Now, I don’t know if I will or should embrace all of the thinking behind Critical Design (although I know that I need to address this thinking and my own use if it in my thesis) – so far, I have just been learning about the influences from the situationists, dada and surrealism etc. in Design Research… (above), and am curious to see how much of Dunne thinking in Hertzian Tales, which I’ve ordered form the library, I can relate to.
Either way, I’m not looking for a recipe for research or a set methodology, but rather see this as a tool in my own method. Still, I have been happy to see that my current plan for using cultural probes is more in keeping with Gaver’s original intentions, as he’s felt it necessary to explicate in the article Cultural Probes and the Value of Uncertainty.
Appropriating the Probes into a scientific process is often justified as “taking full advantage of the Probes’ potential,” as if, by not analyzing the results of our original Probes, we had let valuable information slip away. But this misses the point of the Probes. Sure, they suggested that research questions could be packaged as multiple, rich, and engaging tasks that people could engage with by choice and over time. Beyond this, however, the Probes embodied an approach to design that recognizes and embraces the notion that knowledge has limits. It’s an approach that values uncertainty, play, exploration, and subjective interpretation as ways of dealing with those limits.
This, at least, will make it easier to explain what I’m doing and why. For a while, presenting my project to people, I’ve experienced that the has been a stronger demand for explanation, justification and critical consideration of my method than I expect to have met if, say, I’d chosen a more traditional ethnographical route. That’s been (is) hard, as I’m still feeling my way, yet, as critical reflection on your method and your own influence on the research should be demanded of any research(er), I actually find that choosing a method that makes this demand so obvious and prominent is an advantage, as I won’t be lulled into a false sense of ‘getting it right by doing it by the book’.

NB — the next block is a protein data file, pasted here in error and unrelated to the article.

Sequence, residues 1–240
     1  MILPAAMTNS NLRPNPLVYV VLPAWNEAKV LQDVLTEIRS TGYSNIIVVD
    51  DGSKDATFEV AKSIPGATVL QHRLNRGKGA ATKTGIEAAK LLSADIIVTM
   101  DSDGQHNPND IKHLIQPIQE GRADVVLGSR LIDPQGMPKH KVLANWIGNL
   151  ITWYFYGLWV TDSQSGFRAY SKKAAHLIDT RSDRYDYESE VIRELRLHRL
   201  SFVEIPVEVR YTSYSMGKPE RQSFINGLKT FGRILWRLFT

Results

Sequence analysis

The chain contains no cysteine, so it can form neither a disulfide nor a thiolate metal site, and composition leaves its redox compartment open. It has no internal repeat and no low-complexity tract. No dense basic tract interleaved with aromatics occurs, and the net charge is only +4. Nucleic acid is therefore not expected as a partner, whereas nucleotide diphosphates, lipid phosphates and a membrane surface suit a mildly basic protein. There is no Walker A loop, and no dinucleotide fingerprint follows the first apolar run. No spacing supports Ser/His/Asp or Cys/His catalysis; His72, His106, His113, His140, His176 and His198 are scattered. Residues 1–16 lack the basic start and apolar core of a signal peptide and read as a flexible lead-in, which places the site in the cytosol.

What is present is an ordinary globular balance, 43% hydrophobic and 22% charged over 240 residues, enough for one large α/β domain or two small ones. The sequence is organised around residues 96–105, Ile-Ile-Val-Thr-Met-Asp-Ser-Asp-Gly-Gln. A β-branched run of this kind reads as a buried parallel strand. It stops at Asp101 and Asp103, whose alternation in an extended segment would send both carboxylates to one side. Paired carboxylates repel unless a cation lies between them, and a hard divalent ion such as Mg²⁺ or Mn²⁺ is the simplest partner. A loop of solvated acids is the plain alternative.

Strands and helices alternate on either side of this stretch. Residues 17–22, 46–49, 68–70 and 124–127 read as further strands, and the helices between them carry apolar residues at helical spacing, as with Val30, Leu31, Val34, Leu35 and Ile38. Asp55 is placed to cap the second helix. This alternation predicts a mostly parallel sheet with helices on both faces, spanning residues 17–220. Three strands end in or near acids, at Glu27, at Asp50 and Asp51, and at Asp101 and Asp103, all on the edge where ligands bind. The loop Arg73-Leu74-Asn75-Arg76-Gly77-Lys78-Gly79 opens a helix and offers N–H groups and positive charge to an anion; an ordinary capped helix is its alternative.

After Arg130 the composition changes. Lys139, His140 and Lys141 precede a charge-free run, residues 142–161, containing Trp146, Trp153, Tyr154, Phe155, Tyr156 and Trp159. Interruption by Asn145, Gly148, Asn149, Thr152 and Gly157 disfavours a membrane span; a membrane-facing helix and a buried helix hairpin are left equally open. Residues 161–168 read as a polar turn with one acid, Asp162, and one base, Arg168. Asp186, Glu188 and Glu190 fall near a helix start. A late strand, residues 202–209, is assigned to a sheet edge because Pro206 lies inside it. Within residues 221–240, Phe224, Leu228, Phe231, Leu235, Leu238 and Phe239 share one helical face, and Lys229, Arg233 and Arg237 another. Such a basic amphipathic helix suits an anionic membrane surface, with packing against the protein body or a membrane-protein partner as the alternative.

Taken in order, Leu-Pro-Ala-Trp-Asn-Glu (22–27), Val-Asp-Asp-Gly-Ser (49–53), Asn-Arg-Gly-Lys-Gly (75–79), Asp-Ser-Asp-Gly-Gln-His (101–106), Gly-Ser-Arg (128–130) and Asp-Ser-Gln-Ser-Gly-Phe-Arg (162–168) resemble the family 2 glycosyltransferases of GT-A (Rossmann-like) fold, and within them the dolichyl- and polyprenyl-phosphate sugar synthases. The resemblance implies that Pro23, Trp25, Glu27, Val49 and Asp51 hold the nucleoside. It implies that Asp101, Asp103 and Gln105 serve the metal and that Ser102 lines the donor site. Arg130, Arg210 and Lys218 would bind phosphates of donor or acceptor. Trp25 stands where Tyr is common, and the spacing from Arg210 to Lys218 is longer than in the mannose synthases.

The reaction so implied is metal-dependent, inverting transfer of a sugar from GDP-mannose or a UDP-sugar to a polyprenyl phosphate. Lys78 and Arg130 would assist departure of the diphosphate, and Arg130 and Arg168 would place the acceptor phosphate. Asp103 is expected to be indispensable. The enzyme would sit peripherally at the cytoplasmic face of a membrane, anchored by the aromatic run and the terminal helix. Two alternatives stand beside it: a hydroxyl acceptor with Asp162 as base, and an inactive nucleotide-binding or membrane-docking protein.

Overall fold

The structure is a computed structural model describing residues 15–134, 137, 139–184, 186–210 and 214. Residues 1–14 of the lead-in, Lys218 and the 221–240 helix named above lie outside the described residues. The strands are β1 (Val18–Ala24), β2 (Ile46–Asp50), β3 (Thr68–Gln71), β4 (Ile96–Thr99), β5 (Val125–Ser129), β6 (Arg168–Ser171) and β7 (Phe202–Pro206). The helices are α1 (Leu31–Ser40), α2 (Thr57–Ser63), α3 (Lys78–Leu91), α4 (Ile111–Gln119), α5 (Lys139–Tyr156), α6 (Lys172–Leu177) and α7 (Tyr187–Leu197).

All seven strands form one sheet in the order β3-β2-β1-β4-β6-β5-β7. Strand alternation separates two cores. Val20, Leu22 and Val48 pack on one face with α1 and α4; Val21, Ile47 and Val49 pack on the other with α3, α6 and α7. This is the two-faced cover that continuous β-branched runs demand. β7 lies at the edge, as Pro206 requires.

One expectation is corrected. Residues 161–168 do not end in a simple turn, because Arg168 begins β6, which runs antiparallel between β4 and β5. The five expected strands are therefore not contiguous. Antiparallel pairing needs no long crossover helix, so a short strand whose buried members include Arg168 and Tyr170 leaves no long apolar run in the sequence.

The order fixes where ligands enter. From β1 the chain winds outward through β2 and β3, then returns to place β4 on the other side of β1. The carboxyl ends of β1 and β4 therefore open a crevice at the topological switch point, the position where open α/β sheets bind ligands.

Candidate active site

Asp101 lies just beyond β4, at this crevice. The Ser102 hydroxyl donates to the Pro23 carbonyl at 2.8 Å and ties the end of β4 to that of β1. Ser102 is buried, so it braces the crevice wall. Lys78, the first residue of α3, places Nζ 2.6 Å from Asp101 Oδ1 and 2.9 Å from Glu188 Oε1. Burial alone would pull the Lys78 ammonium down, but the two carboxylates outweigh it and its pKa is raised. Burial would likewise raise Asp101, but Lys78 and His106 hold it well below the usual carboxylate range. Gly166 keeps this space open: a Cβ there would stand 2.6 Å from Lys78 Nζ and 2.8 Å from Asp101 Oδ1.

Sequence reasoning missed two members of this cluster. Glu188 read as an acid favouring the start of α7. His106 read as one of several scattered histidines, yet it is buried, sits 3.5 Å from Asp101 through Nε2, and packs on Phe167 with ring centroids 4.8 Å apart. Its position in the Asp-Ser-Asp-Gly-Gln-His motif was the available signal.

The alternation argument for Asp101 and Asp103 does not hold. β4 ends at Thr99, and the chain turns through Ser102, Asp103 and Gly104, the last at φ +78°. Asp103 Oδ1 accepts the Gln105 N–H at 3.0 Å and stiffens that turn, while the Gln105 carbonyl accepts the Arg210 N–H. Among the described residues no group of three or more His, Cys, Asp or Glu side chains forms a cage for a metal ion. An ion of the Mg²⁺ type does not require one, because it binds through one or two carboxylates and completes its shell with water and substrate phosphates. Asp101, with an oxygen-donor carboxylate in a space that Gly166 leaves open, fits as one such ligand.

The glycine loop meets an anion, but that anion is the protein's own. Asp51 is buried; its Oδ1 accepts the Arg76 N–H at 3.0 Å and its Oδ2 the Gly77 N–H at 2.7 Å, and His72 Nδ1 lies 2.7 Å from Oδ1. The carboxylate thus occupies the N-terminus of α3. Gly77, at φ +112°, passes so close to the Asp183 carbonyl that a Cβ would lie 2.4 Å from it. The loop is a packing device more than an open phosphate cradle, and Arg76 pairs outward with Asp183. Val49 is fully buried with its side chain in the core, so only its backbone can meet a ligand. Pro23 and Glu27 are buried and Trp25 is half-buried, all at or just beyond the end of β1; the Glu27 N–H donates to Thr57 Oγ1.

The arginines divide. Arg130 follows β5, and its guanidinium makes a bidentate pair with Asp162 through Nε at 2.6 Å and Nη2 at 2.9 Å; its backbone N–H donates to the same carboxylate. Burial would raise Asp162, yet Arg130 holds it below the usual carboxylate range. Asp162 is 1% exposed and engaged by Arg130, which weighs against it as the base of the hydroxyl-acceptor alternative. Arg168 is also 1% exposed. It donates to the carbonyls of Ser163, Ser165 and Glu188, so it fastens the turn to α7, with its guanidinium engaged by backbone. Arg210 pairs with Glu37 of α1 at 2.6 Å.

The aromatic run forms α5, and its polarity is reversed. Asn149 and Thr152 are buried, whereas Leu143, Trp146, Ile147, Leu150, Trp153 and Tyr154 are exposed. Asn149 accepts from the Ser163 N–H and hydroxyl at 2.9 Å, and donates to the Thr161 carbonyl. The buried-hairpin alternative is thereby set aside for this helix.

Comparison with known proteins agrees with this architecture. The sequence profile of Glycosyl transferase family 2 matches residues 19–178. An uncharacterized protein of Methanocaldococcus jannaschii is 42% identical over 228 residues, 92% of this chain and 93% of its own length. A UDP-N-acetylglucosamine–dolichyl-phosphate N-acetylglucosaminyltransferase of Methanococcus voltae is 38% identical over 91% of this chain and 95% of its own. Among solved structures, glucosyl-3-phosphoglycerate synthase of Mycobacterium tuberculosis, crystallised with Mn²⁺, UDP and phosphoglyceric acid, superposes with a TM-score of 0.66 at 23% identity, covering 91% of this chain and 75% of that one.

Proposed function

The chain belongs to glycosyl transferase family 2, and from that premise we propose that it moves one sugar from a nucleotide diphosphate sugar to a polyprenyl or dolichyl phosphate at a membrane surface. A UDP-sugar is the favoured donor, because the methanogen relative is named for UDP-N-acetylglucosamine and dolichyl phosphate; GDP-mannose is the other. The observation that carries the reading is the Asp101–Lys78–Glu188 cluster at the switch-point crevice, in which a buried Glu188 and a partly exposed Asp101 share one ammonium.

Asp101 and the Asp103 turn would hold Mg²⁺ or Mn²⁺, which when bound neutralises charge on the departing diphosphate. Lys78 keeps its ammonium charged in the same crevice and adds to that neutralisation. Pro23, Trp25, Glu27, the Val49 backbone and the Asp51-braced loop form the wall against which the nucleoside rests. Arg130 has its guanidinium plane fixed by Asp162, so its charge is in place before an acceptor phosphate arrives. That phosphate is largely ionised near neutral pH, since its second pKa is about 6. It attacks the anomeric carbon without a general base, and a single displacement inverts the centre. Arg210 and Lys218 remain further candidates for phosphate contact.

Similarly, I really like that the cultural probes approach (or ‘probology’ as Gaver suggests) is so openly subjective and that the returns will defy analysis: it’s a tool for design, rather than for sociology. So rather than trying to design for and read some objective truth into my probes and the responses I will receive, I can allow my self to be creative and curious, i.e. truly explorative, which is a great freedom at this early stage of the process. And good fun too!
Of course, deciding to use design as a way of addressing a scientific question is also a bit of a gamble. Not only is the approach not tried and tested, I’m also having to consider whether I’m actually capable of pulling it off. Am I a good enough designer to make good use of this approach? Am I a designer at all? Then again, am I a good enough researcher? A proper humanist scholar, qualified to take on Latour, Adorno or whoever else I will be pulling in for my analysis and theoretical discussion? Maybe not. But I’m trying to become one, and this is the approach that I have decided is right for addressing my field of research, my project, my problems. And if I fail – or where I fail – I can only hope that maybe in this aspect to, the imperfect can be a rich source of knowledge.